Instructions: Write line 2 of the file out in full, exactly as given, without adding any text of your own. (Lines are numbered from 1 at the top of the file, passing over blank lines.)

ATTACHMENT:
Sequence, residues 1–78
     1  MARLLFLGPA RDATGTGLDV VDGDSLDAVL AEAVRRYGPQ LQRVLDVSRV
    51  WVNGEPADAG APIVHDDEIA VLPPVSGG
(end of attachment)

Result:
     1  MARLLFLGPA RDATGTGLDV VDGDSLDAVL AEAVRRYGPQ LQRVLDVSRV